December 23, 2019 • Life for Leaders
So Joseph also went up from the town of Nazareth in Galilee to Judea, to Bethlehem the town of David, because he belonged to the house and line of David. He went there to register with Mary, who was pledged to be married to him and was expecting a child. While they were there, the time came for the baby to be born, and she gave birth to her firstborn, a son. She wrapped him in cloths and placed him in a manger, because there was no guest room available for them.
As we draw near to Christmas, I’d like to reflect with you on some ways work is central to the story of the birth of Jesus. Even though many of us will be taking time away from work as we celebrate the holiday, I think it’s a good time to remember just how central work is, not only to our own lives, but also to God’s work in the world.
When I think about Christmas and work, my thoughts turn immediately to Mary. It’s pretty clear that she had much work to do in helping Jesus to be born. For months, she had carried the Son of God in her womb, feeling both the joy and the discomfort of pregnancy.
Then, on the day when Jesus was born, Mary worked harder than she ever had in her life. Her labor was labor indeed! And that was just the beginning of her work as a mother. Luke notes that she “wrapped [Jesus] in cloths and placed him in a manger.” No doubt she also began to care for her baby by feeding him, cleaning him, holding him, and comforting him.
Sometimes when we speak of work, we think only of paid work. But some of the hardest and most rewarding work in life does not receive monetary compensation. Yet “unpaid” work is genuine work. Remember that God created human beings to work, to “be fruitful and multiply”—which most literally refers to the work of bearing and raising children. Our fruitfulness includes much more, to be sure. But bringing children into the world and nurturing them is one crucial element of human work. It’s the work of mothers, centrally, but also of all who join with mothers to care for, teach, disciple, and love children.
So, as we think about work in the Christmas story, we remember Mary, grateful for her faithfulness and her very, very, very hard work.
Something to Think About:
As you read the Christmas story in Luke, what do you picture in your mind? Does this image reflect the truth of the biblical story? Or is it shaped more by familiar traditions associated with Christmas?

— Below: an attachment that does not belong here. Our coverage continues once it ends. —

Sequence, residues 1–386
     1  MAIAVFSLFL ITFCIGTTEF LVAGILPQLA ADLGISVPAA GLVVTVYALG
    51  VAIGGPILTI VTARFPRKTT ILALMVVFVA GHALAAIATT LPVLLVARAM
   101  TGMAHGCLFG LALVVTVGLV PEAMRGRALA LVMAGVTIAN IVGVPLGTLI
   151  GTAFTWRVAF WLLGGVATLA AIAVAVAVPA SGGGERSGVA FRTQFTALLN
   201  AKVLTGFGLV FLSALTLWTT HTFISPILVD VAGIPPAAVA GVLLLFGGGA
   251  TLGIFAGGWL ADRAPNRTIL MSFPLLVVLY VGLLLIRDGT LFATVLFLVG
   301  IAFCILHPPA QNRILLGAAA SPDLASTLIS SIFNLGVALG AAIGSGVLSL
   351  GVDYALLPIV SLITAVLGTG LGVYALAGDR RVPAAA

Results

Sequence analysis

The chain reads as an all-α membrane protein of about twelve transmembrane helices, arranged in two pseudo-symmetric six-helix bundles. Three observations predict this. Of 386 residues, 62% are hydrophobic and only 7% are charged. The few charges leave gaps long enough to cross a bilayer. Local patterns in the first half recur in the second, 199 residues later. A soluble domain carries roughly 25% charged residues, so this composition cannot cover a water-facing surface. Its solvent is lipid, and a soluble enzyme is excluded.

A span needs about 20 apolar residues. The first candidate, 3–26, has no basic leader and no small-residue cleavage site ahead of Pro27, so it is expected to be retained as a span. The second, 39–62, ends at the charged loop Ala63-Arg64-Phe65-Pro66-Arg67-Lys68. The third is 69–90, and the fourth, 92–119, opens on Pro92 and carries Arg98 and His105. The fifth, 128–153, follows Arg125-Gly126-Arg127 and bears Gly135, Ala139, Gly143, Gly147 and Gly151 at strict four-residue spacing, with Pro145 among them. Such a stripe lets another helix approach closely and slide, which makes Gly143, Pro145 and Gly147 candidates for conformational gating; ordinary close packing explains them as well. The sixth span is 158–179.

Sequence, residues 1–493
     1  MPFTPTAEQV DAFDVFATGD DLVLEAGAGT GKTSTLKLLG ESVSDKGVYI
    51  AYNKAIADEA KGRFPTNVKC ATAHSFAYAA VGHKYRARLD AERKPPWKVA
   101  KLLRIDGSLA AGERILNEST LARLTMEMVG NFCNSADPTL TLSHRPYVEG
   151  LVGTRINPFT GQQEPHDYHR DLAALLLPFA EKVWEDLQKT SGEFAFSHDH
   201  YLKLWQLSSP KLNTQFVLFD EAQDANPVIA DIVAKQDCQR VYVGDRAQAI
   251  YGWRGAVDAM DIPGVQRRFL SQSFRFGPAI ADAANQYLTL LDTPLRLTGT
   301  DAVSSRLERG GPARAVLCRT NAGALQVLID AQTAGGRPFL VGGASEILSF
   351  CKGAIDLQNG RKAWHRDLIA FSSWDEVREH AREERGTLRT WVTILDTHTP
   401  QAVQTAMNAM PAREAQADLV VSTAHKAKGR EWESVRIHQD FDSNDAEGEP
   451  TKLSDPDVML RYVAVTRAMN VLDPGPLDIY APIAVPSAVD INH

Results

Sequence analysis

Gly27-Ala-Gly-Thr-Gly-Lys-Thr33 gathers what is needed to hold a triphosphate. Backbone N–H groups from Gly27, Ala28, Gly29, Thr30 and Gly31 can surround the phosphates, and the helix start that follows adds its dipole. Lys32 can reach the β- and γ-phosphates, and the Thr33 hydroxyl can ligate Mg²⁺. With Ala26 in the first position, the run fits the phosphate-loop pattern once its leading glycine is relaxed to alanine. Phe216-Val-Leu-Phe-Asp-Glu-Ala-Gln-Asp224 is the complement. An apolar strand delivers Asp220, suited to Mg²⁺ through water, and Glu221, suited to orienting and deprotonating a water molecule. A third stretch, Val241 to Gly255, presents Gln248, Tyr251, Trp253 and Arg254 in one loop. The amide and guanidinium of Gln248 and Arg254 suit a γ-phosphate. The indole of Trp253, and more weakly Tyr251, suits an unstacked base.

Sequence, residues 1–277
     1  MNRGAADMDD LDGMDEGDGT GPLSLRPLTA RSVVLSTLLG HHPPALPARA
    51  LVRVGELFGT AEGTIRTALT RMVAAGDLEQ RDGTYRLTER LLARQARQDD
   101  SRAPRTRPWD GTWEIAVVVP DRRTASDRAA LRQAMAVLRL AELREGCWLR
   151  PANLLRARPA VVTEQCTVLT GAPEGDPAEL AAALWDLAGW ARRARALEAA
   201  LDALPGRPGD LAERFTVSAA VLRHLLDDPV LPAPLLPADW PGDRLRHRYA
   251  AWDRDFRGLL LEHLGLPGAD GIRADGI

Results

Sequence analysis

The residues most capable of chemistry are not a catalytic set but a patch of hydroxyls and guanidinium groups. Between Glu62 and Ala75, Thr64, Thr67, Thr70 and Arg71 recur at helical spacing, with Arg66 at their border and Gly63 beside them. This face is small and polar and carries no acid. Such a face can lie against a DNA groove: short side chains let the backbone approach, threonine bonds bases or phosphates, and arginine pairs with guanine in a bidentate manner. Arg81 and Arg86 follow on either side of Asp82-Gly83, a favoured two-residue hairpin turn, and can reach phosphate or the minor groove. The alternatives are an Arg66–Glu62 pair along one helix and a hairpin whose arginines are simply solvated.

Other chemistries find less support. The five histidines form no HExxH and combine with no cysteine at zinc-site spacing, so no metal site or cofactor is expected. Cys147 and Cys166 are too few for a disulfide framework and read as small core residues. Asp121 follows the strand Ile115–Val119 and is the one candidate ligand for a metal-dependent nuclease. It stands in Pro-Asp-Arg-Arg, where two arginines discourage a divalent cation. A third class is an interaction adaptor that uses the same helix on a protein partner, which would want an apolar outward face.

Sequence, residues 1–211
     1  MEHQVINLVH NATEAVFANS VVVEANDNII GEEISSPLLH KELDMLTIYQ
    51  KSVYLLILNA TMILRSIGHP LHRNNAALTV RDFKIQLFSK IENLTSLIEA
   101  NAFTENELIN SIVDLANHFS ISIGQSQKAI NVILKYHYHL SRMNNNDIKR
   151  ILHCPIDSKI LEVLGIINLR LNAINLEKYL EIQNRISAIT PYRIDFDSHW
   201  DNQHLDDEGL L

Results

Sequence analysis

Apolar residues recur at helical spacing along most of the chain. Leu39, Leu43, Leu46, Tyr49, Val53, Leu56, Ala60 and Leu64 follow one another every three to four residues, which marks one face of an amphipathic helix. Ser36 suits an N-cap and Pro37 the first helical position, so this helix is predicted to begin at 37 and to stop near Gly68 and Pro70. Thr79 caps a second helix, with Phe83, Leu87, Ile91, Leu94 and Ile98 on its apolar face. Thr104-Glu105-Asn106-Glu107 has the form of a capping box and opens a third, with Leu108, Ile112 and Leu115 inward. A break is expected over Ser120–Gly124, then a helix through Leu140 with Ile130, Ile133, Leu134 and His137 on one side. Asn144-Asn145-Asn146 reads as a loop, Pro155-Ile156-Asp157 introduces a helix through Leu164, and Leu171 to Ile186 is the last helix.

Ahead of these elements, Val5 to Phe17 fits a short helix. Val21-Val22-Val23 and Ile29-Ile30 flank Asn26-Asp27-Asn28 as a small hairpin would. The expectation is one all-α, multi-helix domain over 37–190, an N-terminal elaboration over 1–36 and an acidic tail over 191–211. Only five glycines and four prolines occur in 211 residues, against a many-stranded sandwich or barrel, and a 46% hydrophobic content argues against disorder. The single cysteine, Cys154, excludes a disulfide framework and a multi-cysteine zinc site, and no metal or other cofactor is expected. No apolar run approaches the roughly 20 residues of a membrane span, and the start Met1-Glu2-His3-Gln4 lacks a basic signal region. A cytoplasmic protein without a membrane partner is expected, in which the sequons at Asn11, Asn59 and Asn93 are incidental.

If you are a mother, do you think of your mothering as part of your work? Why or why not?
As you reflect on Mary’s work in giving birth to Jesus, what thoughts come to mind? What feelings? What longings?
Something to Do:
If your mother is alive, find a time in the next week to thank her for all the work she did in bringing you into this world and raising you. If your mother is with the Lord, thank him for your mother and her work in your life.
Gracious God, thank you for Mary, for her openness to your miraculous work in her life, for her trust in you, and for her labor in giving birth to Jesus. Thank you for all she did to nurture the very Son of God.
As I reflect on Mary’s work, I’m reminded to thank you for the work done by all mothers, from the very beginnings of life and all the way through. I ask you, Lord, to bless mothers today with your grace, wisdom, patience, strength, and love. May they sense your joy in this special element of their work. Amen.
Explore more at The High Calling archive, hosted by the Theology of Work Project:
Our Waiting Is Over! The Savior Is Born and Laid in a Manger
Dr. Mark D. Roberts is a Senior Strategist for Fuller’s Max De Pree Center for Leadership, where he focuses on the spiritual development and thriving of leaders. He is the principal writer of the daily devotional, Life for Leaders, and the founder of the De Pree Center’s Flourishing in the Third Third of Life Initiative. Previously, Mark was the Executive Director of the De Pree Center, the lead pastor of a church in Southern California, and the Senior Director of Laity Lodge in Texas. He has written eight books, dozens of articles, and over 2,500 devotions that help people discover the difference God makes in their daily life and leadership. With a Ph.D. in New Testament from Harvard, Mark teaches at Fuller Seminary, most recently in his D.Min. cohort on “Faith, Work, Economics, and Vocation.” Mark is married to Linda, a marriage and family counselor, spiritual director, and executive coach. Their two grown children are educators on the high school and college level.